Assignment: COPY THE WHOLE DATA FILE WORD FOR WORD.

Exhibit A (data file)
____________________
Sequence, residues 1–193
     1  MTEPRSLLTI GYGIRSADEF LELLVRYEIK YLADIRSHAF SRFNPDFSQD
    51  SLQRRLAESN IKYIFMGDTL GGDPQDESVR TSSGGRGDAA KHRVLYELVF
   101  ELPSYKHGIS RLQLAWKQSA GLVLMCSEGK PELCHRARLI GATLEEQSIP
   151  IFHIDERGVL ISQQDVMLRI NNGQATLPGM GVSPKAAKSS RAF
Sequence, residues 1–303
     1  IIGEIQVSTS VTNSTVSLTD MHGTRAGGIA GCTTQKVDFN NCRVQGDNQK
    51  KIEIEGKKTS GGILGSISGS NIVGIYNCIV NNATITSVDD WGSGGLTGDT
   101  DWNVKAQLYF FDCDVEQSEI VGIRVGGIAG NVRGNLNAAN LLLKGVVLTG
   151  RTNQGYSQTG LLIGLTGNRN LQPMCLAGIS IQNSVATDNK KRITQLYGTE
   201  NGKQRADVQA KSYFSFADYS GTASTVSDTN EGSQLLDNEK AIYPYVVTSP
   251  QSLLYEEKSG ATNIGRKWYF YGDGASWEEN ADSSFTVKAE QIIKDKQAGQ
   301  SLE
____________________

Sequence, residues 1–193
     1  MTEPRSLLTI GYGIRSADEF LELLVRYEIK YLADIRSHAF SRFNPDFSQD
    51  SLQRRLAESN IKYIFMGDTL GGDPQDESVR TSSGGRGDAA KHRVLYELVF
   101  ELPSYKHGIS RLQLAWKQSA GLVLMCSEGK PELCHRARLI GATLEEQSIP
   151  IFHIDERGVL ISQQDVMLRI NNGQATLPGM GVSPKAAKSS RAF
Sequence, residues 1–303
     1  IIGEIQVSTS VTNSTVSLTD MHGTRAGGIA GCTTQKVDFN NCRVQGDNQK
    51  KIEIEGKKTS GGILGSISGS NIVGIYNCIV NNATITSVDD WGSGGLTGDT
   101  DWNVKAQLYF FDCDVEQSEI VGIRVGGIAG NVRGNLNAAN LLLKGVVLTG
   151  RTNQGYSQTG LLIGLTGNRN LQPMCLAGIS IQNSVATDNK KRITQLYGTE
   201  NGKQRADVQA KSYFSFADYS GTASTVSDTN EGSQLLDNEK AIYPYVVTSP
   251  QSLLYEEKSG ATNIGRKWYF YGDGASWEEN ADSSFTVKAE QIIKDKQAGQ
   301  SLE